Hmm. She had a nice sleep, and I didn’t even have another pair of pajamas for her to wear. I started to consider wheeling my daughter and her port-a-crib into the backyard to hose her off. It seemed a little chilly for that, though, maybe about 40 degrees. Could I fit the whole shebang into the shower? And here I was without a hazmat suit or at least some serious rubber gloves.

Luckily, my sister, who had already been snoring loudly after countless hours of holiday preparation and enough red wine to fell an elephant, came running. She helped me get my daughter’s pajamas and bedding rinsed off and into the washing machine. We put my daughter into a warm bath, where she chattered contentedly about how Santa was coming, she had had a very good sleep, and wasn’t it therefore time to open presents? Luckily, when we got her out of the tub, she agreed to get back into her cleaned-up crib and fresh bedding, wearing an adult-size T-shirt. After such a nasty cleaning detail, my sister found clean pajamas for herself and for me, too.

“Although adults equate happiness with contentment, your kids think it’s synonymous with being out of your mind with excitement.”

Not your usual holiday tale, but we tell the story all the time. It’s about an aspect of my daughter’s personality that has endured—a tendency to put a positive spin on things in the hope that something really great could happen any minute. I think she gets that from her aunt, who seemed completely fine springing out of a sound sleep to start doing laundry, drawing baths, and improvising pajamas for half the house so everyone would be comfortable.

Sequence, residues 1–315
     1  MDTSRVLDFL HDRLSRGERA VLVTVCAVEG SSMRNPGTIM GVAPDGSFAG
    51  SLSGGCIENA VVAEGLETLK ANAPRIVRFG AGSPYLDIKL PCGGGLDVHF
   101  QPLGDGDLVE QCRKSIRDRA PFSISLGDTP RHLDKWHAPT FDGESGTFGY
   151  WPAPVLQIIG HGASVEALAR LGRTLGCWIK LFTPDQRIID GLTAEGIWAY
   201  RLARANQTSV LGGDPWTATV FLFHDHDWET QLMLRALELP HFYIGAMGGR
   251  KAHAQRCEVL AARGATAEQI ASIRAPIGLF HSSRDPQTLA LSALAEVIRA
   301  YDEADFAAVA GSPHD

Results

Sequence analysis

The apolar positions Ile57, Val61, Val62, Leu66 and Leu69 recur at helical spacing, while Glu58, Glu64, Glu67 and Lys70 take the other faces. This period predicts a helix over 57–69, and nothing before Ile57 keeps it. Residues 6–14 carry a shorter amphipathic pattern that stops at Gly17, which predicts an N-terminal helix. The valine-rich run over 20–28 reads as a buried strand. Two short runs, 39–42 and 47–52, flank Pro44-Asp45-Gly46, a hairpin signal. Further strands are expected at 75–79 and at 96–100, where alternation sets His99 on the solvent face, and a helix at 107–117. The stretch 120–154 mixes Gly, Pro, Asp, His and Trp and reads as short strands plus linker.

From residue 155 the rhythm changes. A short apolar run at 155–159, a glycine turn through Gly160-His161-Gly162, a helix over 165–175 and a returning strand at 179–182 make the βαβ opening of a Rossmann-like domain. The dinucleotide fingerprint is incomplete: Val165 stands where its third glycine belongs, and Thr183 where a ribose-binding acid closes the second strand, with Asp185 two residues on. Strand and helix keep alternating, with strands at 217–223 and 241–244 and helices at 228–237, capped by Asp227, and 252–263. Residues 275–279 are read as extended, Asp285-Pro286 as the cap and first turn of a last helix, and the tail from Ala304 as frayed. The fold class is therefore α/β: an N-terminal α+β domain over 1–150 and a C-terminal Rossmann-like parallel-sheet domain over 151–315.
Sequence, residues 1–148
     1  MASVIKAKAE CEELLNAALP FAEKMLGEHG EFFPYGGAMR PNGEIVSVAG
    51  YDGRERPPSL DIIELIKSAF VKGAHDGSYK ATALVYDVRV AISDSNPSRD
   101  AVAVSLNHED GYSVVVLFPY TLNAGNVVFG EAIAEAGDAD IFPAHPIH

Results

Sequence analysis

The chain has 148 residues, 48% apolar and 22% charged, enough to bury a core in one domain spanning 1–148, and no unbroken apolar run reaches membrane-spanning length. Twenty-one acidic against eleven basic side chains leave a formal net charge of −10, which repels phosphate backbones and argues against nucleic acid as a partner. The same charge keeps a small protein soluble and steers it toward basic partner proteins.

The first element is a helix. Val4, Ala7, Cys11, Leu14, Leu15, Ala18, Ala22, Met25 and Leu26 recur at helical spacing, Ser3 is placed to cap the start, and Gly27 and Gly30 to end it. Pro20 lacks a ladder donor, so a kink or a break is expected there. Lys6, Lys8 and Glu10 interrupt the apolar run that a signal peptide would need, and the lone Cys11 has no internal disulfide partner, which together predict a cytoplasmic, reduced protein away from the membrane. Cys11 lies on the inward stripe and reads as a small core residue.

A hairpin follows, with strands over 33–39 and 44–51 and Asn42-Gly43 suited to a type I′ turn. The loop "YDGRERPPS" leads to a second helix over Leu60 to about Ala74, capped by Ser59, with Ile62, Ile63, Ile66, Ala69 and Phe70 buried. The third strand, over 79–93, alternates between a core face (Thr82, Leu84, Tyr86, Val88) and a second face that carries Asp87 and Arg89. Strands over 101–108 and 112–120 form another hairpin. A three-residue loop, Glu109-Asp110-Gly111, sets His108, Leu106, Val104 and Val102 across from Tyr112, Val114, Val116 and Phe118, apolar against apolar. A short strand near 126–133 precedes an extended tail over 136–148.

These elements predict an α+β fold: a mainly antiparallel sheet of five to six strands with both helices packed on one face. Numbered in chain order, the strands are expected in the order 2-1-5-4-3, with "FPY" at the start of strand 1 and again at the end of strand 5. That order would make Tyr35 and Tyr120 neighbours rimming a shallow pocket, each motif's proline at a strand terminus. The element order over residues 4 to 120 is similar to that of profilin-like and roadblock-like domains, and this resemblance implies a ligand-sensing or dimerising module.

I think we still all felt, clean-up crew included, like we had the holiday we wanted. We were grateful to be together, we love big celebratory feasts, and my sister’s house felt like a cozy inn in winter. We were there because we wanted to celebrate in a way that we loved. We looked at the whole package and accepted, as Zorba the Greek would have said, “the full catastrophe.”

Sort It Out

So, do you want to invite a houseful of people or just sit by the fire with your cat? Do you want to celebrate the Winter Solstice and dance naked in the woods as you decorate pine trees, or are you thinking of attending a service at your church or synagogue? Do you want to choose the best gifts ever, or would you rather build a bonfire and burn all the junk you got last year? Do you want to be close around the fireplace at home or in a place where you hope people have almost never heard of celebrating at the end of each calendar year? Figure out which traditions, if any, you want to embrace.

Unfortunately, even if you opt for sitting by the fire with your cat, you’re probably going to have to negotiate all this, and there’s bad news if you’ve got kids. Jennifer Aaker, a business professor at Stanford, says research has shown that although adults equate happiness with contentment, your kids think it’s synonymous with being out of your mind with excitement.